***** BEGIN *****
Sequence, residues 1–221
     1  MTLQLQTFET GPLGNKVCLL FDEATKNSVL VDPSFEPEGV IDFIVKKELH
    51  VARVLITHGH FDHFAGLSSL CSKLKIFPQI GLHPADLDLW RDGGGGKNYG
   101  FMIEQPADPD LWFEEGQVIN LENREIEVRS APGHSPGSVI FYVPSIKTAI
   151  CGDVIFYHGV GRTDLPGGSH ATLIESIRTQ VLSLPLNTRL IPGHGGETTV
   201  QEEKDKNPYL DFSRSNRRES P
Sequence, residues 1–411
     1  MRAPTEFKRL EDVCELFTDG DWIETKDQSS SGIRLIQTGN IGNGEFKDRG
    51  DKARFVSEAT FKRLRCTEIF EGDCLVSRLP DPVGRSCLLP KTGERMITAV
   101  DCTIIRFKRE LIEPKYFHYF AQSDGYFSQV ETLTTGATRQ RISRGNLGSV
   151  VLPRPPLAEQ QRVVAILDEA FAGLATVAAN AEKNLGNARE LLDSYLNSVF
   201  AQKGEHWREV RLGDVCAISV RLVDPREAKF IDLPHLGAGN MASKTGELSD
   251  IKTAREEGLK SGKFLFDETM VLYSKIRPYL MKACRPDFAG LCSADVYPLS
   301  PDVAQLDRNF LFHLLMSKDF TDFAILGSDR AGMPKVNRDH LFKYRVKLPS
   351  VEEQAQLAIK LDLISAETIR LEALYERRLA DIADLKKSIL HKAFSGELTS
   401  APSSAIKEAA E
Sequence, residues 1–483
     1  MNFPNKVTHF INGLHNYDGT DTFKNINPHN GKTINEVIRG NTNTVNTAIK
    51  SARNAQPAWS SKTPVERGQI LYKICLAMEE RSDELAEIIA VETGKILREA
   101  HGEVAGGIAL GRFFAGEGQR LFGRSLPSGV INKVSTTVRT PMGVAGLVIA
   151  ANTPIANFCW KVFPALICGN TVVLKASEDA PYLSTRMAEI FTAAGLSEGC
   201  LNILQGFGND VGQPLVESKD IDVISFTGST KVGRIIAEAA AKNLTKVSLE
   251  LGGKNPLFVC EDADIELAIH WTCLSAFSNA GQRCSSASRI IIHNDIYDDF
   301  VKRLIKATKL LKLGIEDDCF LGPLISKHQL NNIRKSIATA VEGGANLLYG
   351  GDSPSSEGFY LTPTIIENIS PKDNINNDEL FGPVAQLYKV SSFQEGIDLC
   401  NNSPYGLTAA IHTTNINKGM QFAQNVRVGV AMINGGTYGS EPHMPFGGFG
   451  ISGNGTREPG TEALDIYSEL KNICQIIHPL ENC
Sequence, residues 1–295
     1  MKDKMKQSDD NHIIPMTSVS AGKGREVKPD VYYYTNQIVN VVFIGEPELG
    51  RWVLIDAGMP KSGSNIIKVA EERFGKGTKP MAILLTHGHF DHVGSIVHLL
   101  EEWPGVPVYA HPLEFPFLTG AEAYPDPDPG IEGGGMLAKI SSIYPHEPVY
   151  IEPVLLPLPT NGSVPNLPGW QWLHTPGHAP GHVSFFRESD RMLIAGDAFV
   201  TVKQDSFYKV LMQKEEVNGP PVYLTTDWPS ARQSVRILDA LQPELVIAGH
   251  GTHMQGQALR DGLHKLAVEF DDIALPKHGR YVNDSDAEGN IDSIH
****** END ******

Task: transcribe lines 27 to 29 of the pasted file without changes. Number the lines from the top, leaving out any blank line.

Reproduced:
   451  ISGNGTREPG TEALDIYSEL KNICQIIHPL ENC
Sequence, residues 1–295
     1  MKDKMKQSDD NHIIPMTSVS AGKGREVKPD VYYYTNQIVN VVFIGEPELG